Beijing: China on Sunday said it plans to abolish its controversial temporary residence permit system, which restricted millions of migrant workers from settling in their work place, and reform its household registration system 'Hukou'.
Permanent residence permits will be adopted to replace the much-criticised temporary residence permit, according to a public security reform plan released today.
Temporary residence permits have long been held by hundreds of millions of Chinese migrant workers, who have to apply for the permit before formally living and working in a new city.
Observers said the permit has led to instability and unsettlement and that the temporary residence registry system is no longer suitable for today's situation, state-run Xinhua news agency reported.
Many cities in China have already ended the temporary permit system, but Beijing currently still uses it.
The 'Hukou' came under bitter criticism after an incident in Guangzhou in which a migrant worker was sent to an asylum by police stating that he was beggar as he had no ID card.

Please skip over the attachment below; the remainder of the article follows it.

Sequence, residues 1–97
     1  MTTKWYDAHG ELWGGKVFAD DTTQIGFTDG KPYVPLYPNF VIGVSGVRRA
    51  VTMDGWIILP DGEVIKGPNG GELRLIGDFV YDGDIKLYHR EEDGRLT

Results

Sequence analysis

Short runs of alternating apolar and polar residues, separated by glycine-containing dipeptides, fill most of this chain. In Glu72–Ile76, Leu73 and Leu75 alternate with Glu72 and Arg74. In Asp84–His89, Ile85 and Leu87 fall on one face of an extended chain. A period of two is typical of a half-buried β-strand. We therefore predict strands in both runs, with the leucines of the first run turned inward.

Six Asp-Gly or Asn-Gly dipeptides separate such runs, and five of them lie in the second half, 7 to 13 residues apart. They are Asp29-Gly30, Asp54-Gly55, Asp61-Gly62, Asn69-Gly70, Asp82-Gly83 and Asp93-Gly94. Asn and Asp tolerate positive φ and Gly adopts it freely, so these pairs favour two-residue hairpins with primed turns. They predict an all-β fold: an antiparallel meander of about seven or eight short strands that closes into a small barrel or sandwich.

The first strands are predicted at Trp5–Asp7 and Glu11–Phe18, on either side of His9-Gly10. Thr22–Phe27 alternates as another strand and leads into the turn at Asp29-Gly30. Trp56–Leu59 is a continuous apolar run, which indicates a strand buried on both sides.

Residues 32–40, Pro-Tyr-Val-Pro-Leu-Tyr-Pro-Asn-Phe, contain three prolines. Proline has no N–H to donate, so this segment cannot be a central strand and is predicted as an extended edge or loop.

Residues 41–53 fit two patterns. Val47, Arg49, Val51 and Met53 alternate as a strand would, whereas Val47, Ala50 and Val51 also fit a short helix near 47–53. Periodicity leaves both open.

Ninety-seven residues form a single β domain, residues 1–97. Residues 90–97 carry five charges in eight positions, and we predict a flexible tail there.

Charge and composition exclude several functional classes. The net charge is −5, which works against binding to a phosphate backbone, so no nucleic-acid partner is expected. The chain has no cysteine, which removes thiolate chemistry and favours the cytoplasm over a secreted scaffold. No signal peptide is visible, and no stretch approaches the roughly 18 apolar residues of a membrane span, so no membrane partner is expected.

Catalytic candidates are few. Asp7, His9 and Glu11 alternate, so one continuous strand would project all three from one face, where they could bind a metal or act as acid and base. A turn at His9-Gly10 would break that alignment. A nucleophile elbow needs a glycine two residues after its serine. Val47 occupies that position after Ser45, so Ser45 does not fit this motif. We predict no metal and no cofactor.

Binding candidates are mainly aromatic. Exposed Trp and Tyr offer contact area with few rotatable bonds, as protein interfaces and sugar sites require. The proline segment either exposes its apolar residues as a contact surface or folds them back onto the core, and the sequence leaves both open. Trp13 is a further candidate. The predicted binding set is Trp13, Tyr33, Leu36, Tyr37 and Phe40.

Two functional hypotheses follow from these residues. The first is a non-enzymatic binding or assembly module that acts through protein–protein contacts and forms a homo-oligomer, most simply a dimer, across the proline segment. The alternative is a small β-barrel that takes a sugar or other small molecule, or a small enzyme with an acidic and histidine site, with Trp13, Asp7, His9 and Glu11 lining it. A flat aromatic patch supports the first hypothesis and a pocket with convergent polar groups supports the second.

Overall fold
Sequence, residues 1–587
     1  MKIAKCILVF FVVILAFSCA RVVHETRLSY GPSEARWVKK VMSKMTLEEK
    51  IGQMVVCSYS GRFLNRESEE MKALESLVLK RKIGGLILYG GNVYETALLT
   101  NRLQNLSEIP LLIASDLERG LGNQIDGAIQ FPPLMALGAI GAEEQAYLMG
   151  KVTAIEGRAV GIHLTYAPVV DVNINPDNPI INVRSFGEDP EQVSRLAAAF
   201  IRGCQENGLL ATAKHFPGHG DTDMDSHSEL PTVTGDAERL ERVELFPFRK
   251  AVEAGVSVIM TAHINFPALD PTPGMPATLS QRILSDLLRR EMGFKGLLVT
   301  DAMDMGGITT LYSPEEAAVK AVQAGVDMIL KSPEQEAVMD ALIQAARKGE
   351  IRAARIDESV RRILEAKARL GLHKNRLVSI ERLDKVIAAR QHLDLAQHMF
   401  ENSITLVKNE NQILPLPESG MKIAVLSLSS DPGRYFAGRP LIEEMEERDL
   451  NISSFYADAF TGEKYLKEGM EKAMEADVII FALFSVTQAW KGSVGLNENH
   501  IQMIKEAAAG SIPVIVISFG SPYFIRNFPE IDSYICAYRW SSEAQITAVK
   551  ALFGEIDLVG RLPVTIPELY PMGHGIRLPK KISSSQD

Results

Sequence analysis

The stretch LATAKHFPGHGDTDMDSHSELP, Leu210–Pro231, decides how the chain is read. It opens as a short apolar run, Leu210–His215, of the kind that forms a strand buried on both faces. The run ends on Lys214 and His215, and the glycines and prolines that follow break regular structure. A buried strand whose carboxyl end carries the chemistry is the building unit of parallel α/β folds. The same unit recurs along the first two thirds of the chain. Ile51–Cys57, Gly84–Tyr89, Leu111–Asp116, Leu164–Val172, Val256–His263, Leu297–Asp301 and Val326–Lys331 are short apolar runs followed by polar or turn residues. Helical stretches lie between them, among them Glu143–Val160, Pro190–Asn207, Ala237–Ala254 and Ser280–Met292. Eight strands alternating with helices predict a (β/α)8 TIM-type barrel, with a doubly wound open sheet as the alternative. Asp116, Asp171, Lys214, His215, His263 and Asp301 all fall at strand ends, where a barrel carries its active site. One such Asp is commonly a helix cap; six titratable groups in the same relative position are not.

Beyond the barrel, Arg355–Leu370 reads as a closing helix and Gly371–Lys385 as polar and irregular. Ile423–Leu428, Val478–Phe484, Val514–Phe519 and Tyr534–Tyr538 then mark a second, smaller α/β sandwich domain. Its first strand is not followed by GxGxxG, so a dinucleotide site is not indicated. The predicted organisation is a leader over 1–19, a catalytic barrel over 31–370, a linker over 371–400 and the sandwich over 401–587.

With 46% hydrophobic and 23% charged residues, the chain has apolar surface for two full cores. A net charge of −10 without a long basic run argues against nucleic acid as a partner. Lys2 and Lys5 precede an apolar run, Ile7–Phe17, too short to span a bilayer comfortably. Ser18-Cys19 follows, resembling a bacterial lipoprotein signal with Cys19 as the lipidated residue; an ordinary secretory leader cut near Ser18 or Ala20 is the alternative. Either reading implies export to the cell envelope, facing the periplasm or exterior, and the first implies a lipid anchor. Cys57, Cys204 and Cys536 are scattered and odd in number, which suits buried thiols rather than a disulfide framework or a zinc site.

He was later beaten to death.
The tragedy triggered nationwide debate, as sending those without ID cards and residence permits to asylums against their will is unconstitutional and a violation of citizens' rights to personal liberty.
Permanent residence permit holders will enjoy many of the same privileges as local residents.
They may receive social security, buy apartments and cars and receive the same public services as local people.
In many Chinese cities, only locals or migrants with more than five years of paying local taxes in the city are allowed to buy apartments and cars.
According to the reform plan, the level of public services enjoyed by residents will depend on their duration of residence, the report said.